ARTICHOKES: CHINESE, GLOBE, AND JERUSALEM
There are three distinct kinds of Artichoke grown as vegetables: the Jerusalem Artichoke, for its tubers; the Globe Artichoke, for the young flower heads, and the young shoots, which are blanched to provide “chards”; and the Chinese or Japanese Artichoke, for its small tubers. The name Artichoke is a corruption of the Italian articiocco, itself a corruption of an Arabic word.
The Chinese Artichoke is a hardy perennial plant with creeping roots, swollen at the ends into spiral-shaped edible tubers, 1-4 in. long, and erect, square stems 9-15 in. high. The Chinese Artichoke will thrive in the open garden in ordinary soil but is little known in the United States. The botanical name of this vegetable, which belongs to the Mint family, Labiatae, is Stachys Sieboldii. It is a native of northern China.
When to Plant. In early spring the tubers are set 3 in. deep and 9 in. apart in rows 18 in. from each other, in ground that has been lightly manured. Beyond keeping the surface hoed and watering during drought, no other attention is required. When the foliage has died down, the tubers should be lifted as required, for they will not keep if exposed to the air.
Tubers required for replanting in spring should be lifted in autumn, but they must be stored in sand or sandy soil in boxes in a cellar or similar place.
This is a vigorous, thistle-like perennial, 3-4 ft. high, with coarse leaves and stout stems bearing large, terminal, fleshy flower heads. The Globe Artichoke may be propagated from seed, division or suckers. The last-named method is the one usually employed. The plants are not generally hardy in the North, although with adequate protection they can be wintered outdoors even in southern New England. They are not commonly grown except in California. The botanical name of the Globe Artichoke is Cynara Scolymus. This vegetable belongs to the Daisy family, Compositae; it is a native of southern Europe and northern Africa.
The soft, fleshy receptacle of the flower head and the thickened bases of the flower scales are the edible parts; they are sometimes eaten raw but are usually boiled. The blanched stems and leaves may also be used.
Preparing the Ground for Planting. The ground must be deeply dug and moderately manured; a dressing of two parts superphosphate of lime and one part sulphate of potash, at the rate of 4 oz. to the square yard, should be raked in a week before planting. The sunnier the position for the plantation the better; full exposure to sunshine is necessary.
When to Sow Seeds. Seeds may be sown in early spring in the open ground, groups of two or three seeds being set 2-3 in. apart in rows 15 in. from each other. The seedlings are thinned to 12 in. apart in the rows and left undisturbed until the following spring, when they should be planted permanently. Seeds may also be sown in a greenhouse, temperature 55 degrees, in pots filled with light, sandy compost, in February. When the seedlings are an inch high, they are potted singly in 4-in. pots filled with equal parts of sandy loam and leaf mold; they are kept in a cold frame until the weather is warm and settled, then are planted in the open 3 ft. apart in rows 4 ft. from each other.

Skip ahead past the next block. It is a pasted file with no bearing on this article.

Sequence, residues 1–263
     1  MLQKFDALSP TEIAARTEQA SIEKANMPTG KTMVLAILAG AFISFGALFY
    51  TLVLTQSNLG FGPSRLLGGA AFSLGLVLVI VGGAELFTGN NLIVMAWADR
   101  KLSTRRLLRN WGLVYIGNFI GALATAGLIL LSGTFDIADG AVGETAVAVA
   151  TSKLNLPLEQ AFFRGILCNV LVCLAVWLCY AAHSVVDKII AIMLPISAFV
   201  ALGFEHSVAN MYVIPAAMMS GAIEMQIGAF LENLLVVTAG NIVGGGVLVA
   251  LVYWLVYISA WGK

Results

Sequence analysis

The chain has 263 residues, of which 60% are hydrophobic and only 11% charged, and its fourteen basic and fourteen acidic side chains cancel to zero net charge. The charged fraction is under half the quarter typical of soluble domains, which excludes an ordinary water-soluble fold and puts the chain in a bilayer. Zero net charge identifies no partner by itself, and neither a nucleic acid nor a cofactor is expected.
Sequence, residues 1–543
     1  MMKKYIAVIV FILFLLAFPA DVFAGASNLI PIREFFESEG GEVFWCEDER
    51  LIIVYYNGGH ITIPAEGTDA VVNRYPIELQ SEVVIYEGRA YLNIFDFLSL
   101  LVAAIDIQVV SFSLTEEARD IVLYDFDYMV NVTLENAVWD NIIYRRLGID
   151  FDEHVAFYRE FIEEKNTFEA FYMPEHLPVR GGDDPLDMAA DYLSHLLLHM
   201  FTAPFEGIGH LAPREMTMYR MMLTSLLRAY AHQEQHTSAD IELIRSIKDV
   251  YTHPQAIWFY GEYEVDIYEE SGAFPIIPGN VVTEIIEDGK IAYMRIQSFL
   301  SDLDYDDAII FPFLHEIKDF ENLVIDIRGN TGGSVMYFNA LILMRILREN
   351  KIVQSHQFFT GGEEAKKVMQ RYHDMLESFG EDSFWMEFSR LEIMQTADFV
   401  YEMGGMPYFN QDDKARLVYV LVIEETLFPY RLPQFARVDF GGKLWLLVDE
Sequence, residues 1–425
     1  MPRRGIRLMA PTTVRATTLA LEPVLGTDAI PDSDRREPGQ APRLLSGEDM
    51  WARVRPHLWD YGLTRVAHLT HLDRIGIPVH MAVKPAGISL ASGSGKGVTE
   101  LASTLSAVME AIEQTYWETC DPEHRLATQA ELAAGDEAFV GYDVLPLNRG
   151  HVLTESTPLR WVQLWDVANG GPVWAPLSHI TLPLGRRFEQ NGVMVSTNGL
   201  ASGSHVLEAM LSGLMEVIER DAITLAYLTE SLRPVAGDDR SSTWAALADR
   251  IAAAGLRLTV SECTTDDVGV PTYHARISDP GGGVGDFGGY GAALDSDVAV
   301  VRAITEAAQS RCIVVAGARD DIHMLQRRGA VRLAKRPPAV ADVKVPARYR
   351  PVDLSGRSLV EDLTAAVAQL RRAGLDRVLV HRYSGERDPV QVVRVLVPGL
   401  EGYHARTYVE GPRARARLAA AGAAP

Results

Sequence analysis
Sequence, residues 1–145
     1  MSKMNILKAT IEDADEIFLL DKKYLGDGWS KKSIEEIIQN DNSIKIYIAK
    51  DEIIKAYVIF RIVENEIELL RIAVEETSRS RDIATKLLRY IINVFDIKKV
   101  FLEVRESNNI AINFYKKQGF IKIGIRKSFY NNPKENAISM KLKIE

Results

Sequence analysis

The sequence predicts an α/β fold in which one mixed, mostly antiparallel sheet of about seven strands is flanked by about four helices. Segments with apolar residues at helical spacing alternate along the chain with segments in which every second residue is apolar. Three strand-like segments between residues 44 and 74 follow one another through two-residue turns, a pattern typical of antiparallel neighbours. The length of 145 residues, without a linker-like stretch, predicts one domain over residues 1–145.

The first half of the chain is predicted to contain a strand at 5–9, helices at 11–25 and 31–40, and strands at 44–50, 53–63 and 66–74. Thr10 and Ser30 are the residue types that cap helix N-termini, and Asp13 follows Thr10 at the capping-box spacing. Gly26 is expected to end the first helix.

Plants from this sowing will produce flower heads late the first year. Seeds often produce many useless plants which are not discovered until the flower heads appear, while suckers reproduce the same type of plant as the parent.
Propagation by Suckers. Globe Artichokes of proven quality are best grown from suckers which should be 6-8 in. long and cut from the plants with root and soil attached in early spring. They are planted 3 ft. apart each way. In cold districts it is wise to pot up a few suckers in autumn, and winter them in a frost proof cold frame.
As growth advances, small flower heads should be removed as soon as they appear—they may either be eaten raw or cooked; the large heads—cut when half grown—are best boiled. The flower heads must not be allowed to mature fully or they will check further development and so reduce the crop. Watering is necessary in dry weather, and a mulch of manure on the soil is beneficial.
In fall, after frost, all flower stems are cut down close to the ground, a box or basket is inverted over each plant and is covered with leaves or similar protection. The covering is removed in the following spring.
This is a hardy, tuberous-rooted perennial with erect, annual stems, 5-8 ft. high; it is grown as a vegetable for the value of the tubers or swollen underground stems. The Jerusalem Artichoke will thrive in almost any soil and position but it does best in deeply dug soil in the open garden. Its botanical name is Helianthus tuberosus, and it belongs to the Daisy family, Compositae. The name is a corruption of the Italian girasole, sunflower; the plant has nothing to do with Palestine, but is a native of North America. It was cultivated as an article of food by the Indians.
When to Plant. The tubers are planted in early spring. Whole or cut tubers, the latter each having two or three buds, are set 4-5 in. deep and 10-12 in. apart in rows 3 ft. from each other. During the summer months the soil must be kept free from weeds.
When the Roots Are Ready for Use. When the leaves turn yellow in autumn the tubers are ready for lifting. They are best left in the ground and dug as required. Every piece of root should be cleared, for any that remains will grow and may be a nuisance the following season. Before the ground freezes solid, the remainder of the crop left in the ground is dug and the tubers are stored indoors in sand; when growth starts, the tubers turn black and are useless for cooking.